Tuesday, March 3, 2009

My Personal Story and Diagnosis of Dissociative Disorders

Sometimes, it takes a major triggering event for dissociative disorders to present themselves. For me, my triggering event was a cancer scare in December 2006. After two follow-ups, that included ultrasounds, barium imaging, MRIs, etc. - I was given a clean bill of health. But you see, during the wait time between me seeing the doctor and getting the clean bill of health, I was faced with my own mortality, and my life flashed before my eyes - such as it was.

I began having horrible nightmares and flashbacks of images of abuse and molestation that I'd already known about to some degree, but now was seeing in detail. I had frequent anxiety attacks and had migraines everyday - all day for weeks on end. My concentration and memory decreased significantly. Yes, sometimes I spaced out, showed little or showed no emotion, had bouts of insomnia - but who doesn't, right? I often found myself in places and didn't remember how I'd gotten there, and I began to lose time...sometimes only a few minutes, sometimes whole days at a time. I mentioned several times to my husband that I suspected I had Alzheimer's, and I even mentioned it to my family doctor, who ruled it out because of my age.

In the past, I'd already been diagnosed with Complex Post Traumatic Stress Disorder (c-PTSD) and had undergone behavioral and drug therapy for it. THIS was something all together different. One voice that I heard internally pretty often I'd nicknamed 'Chatterbox' because of her incessant talking had suddenly become several voices, some male - some female - some childlike. At first, I thought that it was all just my subconscious, especially one female voice that constantly berated me; but I noticed that these voices spoke even when I wasn't intentionally trying to get them to do so. I had my own thoughts, and apparently they had theirs.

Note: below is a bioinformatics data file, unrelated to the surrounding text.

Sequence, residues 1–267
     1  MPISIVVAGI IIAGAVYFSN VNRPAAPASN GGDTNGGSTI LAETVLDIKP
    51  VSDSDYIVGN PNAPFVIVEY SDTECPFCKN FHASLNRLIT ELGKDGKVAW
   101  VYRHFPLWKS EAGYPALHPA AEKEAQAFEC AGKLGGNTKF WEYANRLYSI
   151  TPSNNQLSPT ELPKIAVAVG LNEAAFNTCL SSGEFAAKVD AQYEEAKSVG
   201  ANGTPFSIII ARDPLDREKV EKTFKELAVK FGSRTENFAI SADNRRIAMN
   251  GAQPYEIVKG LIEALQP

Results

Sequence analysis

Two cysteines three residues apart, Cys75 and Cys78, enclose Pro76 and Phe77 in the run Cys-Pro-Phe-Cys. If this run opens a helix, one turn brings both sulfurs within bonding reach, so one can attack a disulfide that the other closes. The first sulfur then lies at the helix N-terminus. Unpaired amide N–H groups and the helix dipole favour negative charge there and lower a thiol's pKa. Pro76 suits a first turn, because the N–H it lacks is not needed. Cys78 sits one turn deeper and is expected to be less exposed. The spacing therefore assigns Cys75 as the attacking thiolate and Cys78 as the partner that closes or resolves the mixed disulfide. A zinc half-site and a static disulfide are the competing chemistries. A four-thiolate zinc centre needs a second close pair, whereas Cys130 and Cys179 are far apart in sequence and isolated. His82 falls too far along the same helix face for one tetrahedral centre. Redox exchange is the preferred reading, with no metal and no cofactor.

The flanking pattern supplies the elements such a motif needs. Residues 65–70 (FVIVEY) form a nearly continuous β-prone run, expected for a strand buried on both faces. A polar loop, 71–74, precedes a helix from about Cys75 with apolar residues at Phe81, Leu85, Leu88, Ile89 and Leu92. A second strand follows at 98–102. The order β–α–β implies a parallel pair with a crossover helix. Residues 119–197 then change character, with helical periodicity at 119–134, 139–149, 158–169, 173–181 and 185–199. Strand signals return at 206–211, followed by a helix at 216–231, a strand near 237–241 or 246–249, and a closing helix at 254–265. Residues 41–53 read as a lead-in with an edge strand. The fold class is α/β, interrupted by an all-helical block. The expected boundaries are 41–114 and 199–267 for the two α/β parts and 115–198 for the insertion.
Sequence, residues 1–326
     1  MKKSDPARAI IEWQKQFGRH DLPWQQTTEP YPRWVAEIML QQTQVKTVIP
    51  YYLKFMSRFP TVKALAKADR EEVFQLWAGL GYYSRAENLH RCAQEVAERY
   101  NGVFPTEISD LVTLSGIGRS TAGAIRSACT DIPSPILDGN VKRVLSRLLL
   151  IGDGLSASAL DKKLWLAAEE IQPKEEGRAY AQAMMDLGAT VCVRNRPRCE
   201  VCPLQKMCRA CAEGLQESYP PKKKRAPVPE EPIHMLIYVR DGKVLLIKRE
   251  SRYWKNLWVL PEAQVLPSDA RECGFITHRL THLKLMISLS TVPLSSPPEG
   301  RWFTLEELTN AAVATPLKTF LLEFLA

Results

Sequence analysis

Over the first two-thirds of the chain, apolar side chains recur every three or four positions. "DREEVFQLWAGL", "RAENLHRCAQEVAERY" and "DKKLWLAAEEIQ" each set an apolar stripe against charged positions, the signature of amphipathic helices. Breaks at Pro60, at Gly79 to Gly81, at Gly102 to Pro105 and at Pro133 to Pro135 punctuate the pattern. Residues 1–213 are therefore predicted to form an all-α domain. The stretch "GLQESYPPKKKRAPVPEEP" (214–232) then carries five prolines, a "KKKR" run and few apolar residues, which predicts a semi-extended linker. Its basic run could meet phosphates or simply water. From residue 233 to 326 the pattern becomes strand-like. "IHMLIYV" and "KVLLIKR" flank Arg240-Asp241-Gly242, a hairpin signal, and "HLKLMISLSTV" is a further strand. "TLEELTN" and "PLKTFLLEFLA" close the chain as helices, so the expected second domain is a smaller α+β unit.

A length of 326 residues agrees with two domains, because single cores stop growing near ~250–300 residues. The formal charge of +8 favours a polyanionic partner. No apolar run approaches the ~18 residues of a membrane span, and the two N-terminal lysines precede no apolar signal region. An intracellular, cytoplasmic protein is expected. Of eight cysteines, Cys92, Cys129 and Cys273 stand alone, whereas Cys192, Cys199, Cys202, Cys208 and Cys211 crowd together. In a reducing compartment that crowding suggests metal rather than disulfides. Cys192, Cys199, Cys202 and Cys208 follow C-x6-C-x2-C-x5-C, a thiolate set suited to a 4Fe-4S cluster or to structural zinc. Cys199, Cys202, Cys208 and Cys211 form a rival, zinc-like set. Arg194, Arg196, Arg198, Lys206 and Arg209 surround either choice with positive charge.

In the midst of all this internal chaos, my marriage was falling apart. How could I explain to my husband what I was hearing, seeing in flashback, and remembering? What would he think of me and my family if he were told. I didn't want him to look at me with disdain. I was ashamed...scared and ashamed. I asked him for time for me to sort through all this new chaos, these new and horrible thoughts, the voices. I needed time. In the end, I waited too long. He moved out and although we tried to work things out - it just wasn't possible.

Things were progressing and severely impacting my employment. I suffered from migraines so severe, they were giving me small seizures. When I'd turn my lights off in my office, my superiors were told I presented an image of being unavailable. All I was trying to do was remain at work. I was eventually prescribed a medication that served the dual purpose of helping minimize the occurrence of migraines and stopping seizures. Fun stuff boys and girls!
Confusing Times

Months had gone past, there I was trying to hold down a top management position while not remembering what I'd said or committed to the day before or finding myself in a meeting without a clue as to what the meeting was about. I'd find stick-it notes on my computer screen with a name of a colleague or superior, and a time and sometimes the date. So, I had to gleam from this half-written note what I was suppose to do 'with', 'for', - whatever this person. Ultimately, I'd either completely miss the missing (in cases where the stick-it stopped sticking and fell under my desk) or I'd show up completely unprepared. My job performance plummeted. I lost the minute respect I'd earned from my peers, superiors, and staff. Hell, if they had bothered to point and laugh, I don't think I would have remembered why they were doing it. I was eventually asked to resign from my position still without knowing what was truly going on with me.